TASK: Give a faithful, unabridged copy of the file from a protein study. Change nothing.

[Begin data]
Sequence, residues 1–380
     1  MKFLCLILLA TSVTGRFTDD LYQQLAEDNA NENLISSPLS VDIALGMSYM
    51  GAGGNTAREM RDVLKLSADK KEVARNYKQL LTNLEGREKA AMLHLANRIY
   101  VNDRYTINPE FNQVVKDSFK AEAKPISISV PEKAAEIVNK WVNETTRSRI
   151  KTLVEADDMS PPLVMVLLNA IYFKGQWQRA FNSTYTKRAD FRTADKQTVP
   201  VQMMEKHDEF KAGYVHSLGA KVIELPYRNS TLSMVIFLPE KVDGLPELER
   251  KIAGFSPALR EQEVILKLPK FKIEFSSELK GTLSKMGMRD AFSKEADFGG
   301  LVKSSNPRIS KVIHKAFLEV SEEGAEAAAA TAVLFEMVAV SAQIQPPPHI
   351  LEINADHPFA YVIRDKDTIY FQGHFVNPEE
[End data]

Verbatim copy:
Sequence, residues 1–380
     1  MKFLCLILLA TSVTGRFTDD LYQQLAEDNA NENLISSPLS VDIALGMSYM
    51  GAGGNTAREM RDVLKLSADK KEVARNYKQL LTNLEGREKA AMLHLANRIY
   101  VNDRYTINPE FNQVVKDSFK AEAKPISISV PEKAAEIVNK WVNETTRSRI
   151  KTLVEADDMS PPLVMVLLNA IYFKGQWQRA FNSTYTKRAD FRTADKQTVP
   201  VQMMEKHDEF KAGYVHSLGA KVIELPYRNS TLSMVIFLPE KVDGLPELER
   251  KIAGFSPALR EQEVILKLPK FKIEFSSELK GTLSKMGMRD AFSKEADFGG
   301  LVKSSNPRIS KVIHKAFLEV SEEGAEAAAA TAVLFEMVAV SAQIQPPPHI
   351  LEINADHPFA YVIRDKDTIY FQGHFVNPEE